The code you posted and the question are two different things.

The code will work because you do not dereference a non-atomic pointer. You dereference a std::atomic<bool>* which will result (operator overloading) in a sequentially consistent fetch/store. This is probably less efficient than necessary (most of the time such a flag is used for a release operation), but it is safe.

Otherwise, dereferencing a valid non-atomic pointer to whatever (including an atomic variable) is safe as long as no other thread modifies the data.

Dereferencing a non-atomic pointer with another thread writing to it is still "safe" insofar as it will not crash. There are however no formal guarantees that memeory is not garbled (for aligned PODs there is a very practical guarantee due to how processors access memory, though), but more importantly it is unsafe insofar as there are no memory ordering guarantees. When using such a flag, one normally does something like this:

do_work(&buf); // writes data to buf
done = true;   // synchronize

This works as intended with one thread, but it is not guaranteed to work properly in presence of concurrency. For that, you need a happens-before guarantee. Otherwise, it is possible that the other thread picks up the update to the flag before the write to the data has been realized.

  • I'm sorry but I don't quite understand...you say "The code will work because you do not dereference a non-atomic pointer", but I thought std::atomic<bool> * is just a pointer (as any pointer is). Do you mean it overload the * operator? And reading a shared memory block in one thread and writing it in another simultaneously will not cause the program to crash, but might create dirty data right? – Zizheng Tai Feb 1 '14 at 16:57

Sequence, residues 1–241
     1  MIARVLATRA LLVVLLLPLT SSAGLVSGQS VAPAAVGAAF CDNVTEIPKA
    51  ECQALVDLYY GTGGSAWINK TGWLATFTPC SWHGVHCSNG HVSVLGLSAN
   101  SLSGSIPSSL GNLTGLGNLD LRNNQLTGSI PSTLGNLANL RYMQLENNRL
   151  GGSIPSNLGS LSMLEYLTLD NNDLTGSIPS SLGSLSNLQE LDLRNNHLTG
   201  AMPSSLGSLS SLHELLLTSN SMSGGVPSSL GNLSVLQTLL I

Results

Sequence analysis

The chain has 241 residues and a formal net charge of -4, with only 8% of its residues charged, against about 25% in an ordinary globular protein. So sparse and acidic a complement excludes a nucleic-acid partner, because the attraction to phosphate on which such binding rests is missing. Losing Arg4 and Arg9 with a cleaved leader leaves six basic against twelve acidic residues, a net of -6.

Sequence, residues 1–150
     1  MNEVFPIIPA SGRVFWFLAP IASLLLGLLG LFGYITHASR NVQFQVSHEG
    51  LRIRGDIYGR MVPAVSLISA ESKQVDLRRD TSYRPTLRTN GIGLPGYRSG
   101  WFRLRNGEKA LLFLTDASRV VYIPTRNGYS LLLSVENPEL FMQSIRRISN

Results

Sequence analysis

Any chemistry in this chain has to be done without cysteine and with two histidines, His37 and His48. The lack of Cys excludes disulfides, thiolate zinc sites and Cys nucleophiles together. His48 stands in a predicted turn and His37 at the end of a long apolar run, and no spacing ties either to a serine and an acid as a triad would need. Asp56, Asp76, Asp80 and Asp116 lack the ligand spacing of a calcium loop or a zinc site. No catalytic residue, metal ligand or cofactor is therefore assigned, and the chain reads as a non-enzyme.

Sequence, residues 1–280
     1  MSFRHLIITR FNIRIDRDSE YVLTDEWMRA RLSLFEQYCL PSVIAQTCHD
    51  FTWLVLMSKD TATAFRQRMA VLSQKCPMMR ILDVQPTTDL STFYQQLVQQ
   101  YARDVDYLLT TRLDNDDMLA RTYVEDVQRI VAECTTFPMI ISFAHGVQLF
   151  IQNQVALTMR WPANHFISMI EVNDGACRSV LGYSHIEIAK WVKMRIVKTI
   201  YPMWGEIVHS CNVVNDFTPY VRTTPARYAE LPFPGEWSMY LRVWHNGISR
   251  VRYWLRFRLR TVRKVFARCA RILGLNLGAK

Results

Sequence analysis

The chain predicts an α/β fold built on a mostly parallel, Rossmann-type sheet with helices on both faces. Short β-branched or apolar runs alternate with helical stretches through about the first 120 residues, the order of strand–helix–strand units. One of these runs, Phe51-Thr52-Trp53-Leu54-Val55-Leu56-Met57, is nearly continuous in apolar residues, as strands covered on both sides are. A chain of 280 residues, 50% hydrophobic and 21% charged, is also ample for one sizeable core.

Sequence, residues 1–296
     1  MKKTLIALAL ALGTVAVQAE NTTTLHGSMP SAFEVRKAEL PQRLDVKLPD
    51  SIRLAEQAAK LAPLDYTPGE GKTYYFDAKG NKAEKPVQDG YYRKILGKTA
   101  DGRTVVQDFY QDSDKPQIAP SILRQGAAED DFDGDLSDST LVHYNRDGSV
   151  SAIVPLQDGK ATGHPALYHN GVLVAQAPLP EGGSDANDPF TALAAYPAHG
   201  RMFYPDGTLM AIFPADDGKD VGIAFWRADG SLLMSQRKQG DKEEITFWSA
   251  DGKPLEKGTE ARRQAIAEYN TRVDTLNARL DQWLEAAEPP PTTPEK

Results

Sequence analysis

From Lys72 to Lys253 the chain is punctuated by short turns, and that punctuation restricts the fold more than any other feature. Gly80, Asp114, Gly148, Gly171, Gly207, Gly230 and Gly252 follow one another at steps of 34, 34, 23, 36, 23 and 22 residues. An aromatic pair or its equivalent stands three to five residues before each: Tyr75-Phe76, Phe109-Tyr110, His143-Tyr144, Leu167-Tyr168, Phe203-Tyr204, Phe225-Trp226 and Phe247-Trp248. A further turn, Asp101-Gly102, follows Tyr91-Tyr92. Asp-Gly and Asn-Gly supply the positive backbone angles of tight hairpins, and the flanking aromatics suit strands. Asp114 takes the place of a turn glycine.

• std::atomic is a class template with specializations for many types (among these bool). It has overloads for operator= and operator T, which means if you assign to it (directly or via a pointer that you dereference) you are calling one of these overloaded functions. These, in turn, call functions like e.g. atomic_load which is a shorthand for atomic_load_explicit(memory_order_seq_cst). So yes, this is safe. – Damon Feb 1 '14 at 20:23
  • Dereferencing a pointer that is concurrently modified will not crash (presumed that the pointer is valid, of course). But it may (at least in theory) return a garbled result. In practice, all modern CPUs operate on cache lines, it is not possible to write something smaller than a complete cache line. Also, in practice, on all mainstream CPUs, bool is either 1 or 0, so it's not possible to have some other "garbage value" at all. However, note that without proper atomic access, you do not have happens-before guarantee. That means that things may not be seen in the order that they happened. – Damon Feb 1 '14 at 20:26

dereferencing (that is: reading an address) is atomic on intel architectures. Furthermore, since constant, I guess that it is going to be correct no only on Intel/AMD. However look at this post for more information.

clarification: it is possible on other architectures that a thread is switched out while writing to an address, when only part of the address is modified, so the address read by the other thread would be invalid.

With Intel this cannot happen if the address is aligned in memory.

Furthermore, since *p is a std::atomic<bool>, it already implements all that is needed (native, asm, memory fences).

  • In this example, the single write to p happens before the threads are created and therefore synchronizes with their constructors. There are no concurrent writes to p while the threads are running, so accesses to p do not need to be atomic regardless of the CPU architecture. – Casey Feb 2 '14 at 0:57